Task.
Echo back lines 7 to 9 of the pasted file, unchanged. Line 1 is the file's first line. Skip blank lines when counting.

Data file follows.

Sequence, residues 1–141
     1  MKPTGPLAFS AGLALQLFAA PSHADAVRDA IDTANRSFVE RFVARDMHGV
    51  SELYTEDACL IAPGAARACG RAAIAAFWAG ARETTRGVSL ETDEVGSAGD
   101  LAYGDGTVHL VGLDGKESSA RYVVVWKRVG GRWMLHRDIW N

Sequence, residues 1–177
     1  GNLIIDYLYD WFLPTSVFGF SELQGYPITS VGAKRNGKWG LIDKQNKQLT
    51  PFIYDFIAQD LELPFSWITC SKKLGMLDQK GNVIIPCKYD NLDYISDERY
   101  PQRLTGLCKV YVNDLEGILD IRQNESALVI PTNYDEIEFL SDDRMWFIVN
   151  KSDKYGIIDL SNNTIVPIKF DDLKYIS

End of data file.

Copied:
    51  PFIYDFIAQD LELPFSWITC SKKLGMLDQK GNVIIPCKYD NLDYISDERY
   101  PQRLTGLCKV YVNDLEGILD IRQNESALVI PTNYDEIEFL SDDRMWFIVN
   151  KSDKYGIIDL SNNTIVPIKF DDLKYIS